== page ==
The movie is starting to look as if it will be much more character-driven than the novel itself – and that is probably a good thing…but more on the book tomorrow.  For now, take a look at the clip.  I will add that, even though I’m not a huge fan of the novel, the movie clips I’ve seen from The Martian have just about convinced me that it is one I would enjoy.  Good job, trailers.

Post #2,531

Book Trailer of the Week: Movie Version of "Room" to Be Released This Fall

It really doesn’t seem like I read Emma Donoghue’s Room more than four years ago, but I see that I reviewed it way back on June 20, 2011.  As I said at the time, reading a whole novel written in the voice of a sheltered, young child was a fascinating experience.  I hope that the movie version captures that whole sense of innocence and awe…from this trailer, it looks as if it just might pull it off.  (It does appear, though that the child’s gender has been flipped for the movie.)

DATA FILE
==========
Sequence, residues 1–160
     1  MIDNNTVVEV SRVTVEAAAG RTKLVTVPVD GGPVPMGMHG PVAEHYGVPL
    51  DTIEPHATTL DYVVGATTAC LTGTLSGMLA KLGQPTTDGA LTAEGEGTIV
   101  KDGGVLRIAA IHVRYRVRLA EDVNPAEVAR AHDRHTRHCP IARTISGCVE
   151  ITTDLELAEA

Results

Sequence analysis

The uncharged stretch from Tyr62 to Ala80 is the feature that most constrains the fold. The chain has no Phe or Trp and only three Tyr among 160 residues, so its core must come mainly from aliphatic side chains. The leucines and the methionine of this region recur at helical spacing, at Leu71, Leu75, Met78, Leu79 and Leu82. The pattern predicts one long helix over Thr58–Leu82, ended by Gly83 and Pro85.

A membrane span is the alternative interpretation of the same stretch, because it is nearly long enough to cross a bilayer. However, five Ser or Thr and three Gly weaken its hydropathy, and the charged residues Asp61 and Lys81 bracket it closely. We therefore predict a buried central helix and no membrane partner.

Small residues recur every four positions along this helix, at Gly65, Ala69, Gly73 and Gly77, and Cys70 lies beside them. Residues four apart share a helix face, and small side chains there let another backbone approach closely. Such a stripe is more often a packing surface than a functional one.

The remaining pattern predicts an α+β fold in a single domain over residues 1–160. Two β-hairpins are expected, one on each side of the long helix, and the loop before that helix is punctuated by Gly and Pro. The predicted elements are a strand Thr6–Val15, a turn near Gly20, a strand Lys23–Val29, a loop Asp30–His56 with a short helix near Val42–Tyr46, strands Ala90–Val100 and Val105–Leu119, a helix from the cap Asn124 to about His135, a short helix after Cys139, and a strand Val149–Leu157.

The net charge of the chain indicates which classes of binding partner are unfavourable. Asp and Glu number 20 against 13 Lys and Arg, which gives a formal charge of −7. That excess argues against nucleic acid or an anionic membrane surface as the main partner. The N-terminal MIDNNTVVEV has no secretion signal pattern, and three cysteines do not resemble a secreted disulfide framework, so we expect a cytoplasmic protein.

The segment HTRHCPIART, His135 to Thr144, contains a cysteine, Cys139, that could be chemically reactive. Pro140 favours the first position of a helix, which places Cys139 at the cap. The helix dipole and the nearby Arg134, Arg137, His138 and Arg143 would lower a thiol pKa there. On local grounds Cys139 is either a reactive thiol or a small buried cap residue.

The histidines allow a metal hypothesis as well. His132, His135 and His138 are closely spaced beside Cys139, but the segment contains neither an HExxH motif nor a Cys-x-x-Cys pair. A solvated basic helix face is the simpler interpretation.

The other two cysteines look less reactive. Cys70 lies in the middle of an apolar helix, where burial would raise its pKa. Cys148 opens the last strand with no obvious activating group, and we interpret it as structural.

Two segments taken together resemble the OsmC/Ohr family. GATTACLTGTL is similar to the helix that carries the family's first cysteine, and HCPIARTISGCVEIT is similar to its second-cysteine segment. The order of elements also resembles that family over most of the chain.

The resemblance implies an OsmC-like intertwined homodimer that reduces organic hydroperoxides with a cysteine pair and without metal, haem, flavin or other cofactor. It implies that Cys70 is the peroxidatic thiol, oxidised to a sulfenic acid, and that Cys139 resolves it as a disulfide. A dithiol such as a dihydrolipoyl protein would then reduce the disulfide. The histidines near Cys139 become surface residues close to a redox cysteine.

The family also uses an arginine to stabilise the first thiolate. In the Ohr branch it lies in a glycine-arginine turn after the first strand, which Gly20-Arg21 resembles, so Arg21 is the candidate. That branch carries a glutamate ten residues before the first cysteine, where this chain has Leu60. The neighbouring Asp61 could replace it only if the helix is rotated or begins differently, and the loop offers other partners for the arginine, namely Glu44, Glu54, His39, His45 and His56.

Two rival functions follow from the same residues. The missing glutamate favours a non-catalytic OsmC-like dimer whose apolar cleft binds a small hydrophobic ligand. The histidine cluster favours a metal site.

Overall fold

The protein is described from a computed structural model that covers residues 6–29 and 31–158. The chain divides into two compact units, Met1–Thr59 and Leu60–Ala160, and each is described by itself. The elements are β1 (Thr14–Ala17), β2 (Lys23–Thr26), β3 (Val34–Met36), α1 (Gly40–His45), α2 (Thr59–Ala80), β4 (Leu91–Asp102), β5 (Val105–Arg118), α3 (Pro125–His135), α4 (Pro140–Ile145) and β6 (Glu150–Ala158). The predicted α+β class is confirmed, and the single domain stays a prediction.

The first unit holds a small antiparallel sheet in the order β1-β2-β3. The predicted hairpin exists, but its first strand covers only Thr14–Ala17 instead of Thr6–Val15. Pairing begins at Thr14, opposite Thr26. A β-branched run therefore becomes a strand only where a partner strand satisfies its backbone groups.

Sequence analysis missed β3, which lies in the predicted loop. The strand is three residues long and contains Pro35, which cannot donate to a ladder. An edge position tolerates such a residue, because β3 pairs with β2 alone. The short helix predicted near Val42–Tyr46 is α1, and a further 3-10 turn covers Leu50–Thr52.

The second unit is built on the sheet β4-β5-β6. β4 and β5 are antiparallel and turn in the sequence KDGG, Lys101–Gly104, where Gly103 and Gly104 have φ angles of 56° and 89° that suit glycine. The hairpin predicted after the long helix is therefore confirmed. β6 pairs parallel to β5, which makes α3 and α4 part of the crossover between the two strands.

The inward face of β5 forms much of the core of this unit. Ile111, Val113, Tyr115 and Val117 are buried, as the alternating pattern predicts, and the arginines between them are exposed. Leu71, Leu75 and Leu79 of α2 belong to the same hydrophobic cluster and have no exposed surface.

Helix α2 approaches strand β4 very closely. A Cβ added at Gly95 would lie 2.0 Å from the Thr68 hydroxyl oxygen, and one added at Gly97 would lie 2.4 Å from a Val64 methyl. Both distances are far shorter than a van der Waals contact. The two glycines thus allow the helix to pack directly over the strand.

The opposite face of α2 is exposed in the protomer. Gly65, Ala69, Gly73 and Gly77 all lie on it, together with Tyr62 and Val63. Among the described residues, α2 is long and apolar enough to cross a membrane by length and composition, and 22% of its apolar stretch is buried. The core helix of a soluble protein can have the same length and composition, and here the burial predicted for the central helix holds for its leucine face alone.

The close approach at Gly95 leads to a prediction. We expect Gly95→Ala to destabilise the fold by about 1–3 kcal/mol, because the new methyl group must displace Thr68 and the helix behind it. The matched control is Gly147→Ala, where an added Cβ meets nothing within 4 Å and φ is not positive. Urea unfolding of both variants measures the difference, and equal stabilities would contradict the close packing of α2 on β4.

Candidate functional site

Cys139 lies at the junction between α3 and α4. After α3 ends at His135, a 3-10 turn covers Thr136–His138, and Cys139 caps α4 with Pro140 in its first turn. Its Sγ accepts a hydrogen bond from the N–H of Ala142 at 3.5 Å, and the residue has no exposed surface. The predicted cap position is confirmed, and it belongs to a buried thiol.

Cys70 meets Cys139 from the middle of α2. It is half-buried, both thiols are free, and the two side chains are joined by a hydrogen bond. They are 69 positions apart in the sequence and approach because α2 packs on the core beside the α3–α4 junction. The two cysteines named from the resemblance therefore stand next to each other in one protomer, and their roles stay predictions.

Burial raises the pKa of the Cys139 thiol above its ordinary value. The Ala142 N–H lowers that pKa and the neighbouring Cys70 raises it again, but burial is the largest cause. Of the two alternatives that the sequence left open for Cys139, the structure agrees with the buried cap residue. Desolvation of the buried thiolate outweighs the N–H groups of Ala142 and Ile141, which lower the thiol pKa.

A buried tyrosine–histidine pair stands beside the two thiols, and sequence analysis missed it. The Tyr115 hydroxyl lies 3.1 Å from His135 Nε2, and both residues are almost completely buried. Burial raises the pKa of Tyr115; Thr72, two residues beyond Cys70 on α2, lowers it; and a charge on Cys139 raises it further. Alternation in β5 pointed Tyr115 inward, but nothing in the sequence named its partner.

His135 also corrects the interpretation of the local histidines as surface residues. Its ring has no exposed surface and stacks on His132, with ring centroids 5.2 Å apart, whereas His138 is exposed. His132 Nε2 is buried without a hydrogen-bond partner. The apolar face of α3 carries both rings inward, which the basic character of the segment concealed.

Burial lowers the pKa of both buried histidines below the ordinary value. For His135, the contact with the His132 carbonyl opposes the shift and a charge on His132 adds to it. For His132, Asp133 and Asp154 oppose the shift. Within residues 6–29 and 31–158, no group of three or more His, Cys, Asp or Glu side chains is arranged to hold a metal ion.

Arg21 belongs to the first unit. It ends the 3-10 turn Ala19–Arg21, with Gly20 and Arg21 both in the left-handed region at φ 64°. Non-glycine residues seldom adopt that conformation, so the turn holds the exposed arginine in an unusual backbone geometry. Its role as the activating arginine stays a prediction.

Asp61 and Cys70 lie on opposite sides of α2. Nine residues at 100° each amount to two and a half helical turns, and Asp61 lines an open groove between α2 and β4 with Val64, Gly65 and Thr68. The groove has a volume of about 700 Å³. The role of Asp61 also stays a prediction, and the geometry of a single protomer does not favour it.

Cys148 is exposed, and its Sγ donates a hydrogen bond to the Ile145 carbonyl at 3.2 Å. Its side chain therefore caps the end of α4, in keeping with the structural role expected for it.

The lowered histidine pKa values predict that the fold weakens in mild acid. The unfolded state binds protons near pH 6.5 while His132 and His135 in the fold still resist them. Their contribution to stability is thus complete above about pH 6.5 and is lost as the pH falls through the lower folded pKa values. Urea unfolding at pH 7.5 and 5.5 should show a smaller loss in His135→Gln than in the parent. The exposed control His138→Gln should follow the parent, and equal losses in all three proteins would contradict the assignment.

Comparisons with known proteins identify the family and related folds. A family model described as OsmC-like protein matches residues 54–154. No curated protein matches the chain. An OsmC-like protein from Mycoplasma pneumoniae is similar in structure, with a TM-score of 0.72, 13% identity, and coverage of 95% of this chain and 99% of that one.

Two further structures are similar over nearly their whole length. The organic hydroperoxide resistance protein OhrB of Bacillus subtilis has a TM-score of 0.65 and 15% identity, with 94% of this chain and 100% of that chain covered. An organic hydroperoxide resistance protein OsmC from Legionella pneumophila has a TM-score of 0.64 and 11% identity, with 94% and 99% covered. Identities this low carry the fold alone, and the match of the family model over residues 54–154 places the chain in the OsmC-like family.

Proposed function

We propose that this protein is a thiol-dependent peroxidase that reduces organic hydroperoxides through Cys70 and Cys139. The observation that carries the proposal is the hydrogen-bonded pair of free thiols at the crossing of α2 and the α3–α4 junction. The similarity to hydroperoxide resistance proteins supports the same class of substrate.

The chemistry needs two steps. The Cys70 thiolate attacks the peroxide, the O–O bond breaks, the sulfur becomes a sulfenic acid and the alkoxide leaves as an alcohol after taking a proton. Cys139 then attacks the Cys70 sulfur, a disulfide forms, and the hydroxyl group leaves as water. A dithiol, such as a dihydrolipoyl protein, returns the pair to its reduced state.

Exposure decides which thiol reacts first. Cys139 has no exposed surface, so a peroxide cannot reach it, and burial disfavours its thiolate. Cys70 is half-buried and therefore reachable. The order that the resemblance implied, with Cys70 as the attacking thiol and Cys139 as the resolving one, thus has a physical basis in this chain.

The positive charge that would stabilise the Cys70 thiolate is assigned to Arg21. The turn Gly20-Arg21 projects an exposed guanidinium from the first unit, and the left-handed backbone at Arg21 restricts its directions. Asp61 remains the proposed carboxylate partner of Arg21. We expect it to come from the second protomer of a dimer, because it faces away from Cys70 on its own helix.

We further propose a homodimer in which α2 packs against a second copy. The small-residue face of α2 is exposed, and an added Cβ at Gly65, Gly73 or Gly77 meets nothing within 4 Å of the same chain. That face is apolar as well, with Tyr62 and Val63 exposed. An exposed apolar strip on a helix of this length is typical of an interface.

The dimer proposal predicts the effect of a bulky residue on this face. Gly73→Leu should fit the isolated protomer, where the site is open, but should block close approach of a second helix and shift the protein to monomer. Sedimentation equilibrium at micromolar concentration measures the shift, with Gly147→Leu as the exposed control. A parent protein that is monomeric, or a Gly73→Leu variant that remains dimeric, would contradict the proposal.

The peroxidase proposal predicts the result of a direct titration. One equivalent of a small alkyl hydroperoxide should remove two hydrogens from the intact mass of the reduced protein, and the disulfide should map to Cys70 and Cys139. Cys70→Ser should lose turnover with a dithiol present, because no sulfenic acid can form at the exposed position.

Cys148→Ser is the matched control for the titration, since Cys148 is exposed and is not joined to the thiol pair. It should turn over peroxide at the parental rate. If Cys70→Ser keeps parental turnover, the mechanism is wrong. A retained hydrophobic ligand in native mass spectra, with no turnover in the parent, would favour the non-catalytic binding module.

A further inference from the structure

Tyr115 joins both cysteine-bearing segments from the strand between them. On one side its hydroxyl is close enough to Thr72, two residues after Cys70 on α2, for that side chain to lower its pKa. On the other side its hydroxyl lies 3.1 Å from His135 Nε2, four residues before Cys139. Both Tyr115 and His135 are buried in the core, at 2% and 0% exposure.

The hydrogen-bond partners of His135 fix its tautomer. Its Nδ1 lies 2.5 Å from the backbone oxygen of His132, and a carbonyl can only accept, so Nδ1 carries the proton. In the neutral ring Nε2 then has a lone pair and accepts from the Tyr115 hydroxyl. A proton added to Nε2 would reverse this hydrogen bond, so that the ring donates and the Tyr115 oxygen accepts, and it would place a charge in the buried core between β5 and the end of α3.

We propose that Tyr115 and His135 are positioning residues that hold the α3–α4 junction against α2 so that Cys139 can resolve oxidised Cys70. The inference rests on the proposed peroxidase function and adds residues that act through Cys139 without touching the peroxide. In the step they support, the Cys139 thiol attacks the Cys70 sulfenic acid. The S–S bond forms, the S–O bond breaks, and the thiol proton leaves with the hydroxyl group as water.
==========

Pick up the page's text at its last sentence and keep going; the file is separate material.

As I said in the review linked to above:

Unbeknownst to Jack, his mother has not seen the outside of Room for the seven years she has been Old Nick’s prisoner.   Without Jack, Ma would have no reason to go on living.  She has created an entire world for the boy inside this small space, a world in which she is the source of all knowledge, love, and support.  The outside world makes its way into Room only because Old Nick allows the pair a small television set, but Ma is the one who decides what Jack will watch and how what he sees will be interpreted for him.  Imagine a world in which Room is all that is real, and everything seen on television is make-believe.  That is the way Jack sees the world.

 I’m looking forward to this one…even knowing how it ends.  Heck, even the trailer gives that away.  Not sure how smart that was.

Post #2,530

Thug Notes Reviews "Go Set a Watchman" in Its Own Unique Style


I stumbled upon the work of this guy this afternoon, and my immediate, knee-jerk reaction was to blow him off as a waste of time.  But when I really listened to his schtick, I got it.  He’s aiming for an audience of young people who consider his delivery to be cool and beyond the comprehension of people like me…their generational elders.  And it works.